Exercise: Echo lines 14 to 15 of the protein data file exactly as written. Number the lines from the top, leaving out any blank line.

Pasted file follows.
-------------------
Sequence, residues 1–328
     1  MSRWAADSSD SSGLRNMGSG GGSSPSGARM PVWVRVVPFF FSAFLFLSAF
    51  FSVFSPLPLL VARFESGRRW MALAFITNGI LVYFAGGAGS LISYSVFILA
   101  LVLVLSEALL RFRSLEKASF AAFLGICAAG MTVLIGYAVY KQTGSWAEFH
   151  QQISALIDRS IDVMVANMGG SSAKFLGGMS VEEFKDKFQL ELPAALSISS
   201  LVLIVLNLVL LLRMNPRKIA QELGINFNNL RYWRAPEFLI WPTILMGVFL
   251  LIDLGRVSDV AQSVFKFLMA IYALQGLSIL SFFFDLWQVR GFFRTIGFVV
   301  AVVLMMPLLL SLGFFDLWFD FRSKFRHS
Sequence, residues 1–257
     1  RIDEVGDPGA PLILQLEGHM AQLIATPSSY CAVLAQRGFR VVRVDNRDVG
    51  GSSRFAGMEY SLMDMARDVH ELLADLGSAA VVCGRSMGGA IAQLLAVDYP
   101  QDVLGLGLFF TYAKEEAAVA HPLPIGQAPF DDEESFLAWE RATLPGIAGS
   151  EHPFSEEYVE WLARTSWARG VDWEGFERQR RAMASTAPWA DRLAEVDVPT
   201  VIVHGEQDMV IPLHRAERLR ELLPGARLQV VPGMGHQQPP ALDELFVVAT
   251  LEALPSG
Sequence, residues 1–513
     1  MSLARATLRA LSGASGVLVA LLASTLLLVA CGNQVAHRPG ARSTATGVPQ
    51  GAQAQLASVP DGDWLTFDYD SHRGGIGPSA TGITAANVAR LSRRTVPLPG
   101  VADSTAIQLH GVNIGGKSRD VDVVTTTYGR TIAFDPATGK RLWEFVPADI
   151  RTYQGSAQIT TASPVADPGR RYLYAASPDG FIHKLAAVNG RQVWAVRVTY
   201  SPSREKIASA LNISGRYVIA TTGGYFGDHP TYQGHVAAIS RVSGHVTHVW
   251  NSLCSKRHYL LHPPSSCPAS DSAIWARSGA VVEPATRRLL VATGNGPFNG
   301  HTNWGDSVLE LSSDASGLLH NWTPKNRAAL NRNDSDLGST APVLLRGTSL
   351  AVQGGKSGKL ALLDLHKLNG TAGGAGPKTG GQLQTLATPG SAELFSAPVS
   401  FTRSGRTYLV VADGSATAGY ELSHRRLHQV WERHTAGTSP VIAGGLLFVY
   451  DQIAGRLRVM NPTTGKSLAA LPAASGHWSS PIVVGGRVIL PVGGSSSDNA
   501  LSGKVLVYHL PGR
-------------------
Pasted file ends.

   201  VIVHGEQDMV IPLHRAERLR ELLPGARLQV VPGMGHQQPP ALDELFVVAT
   251  LEALPSG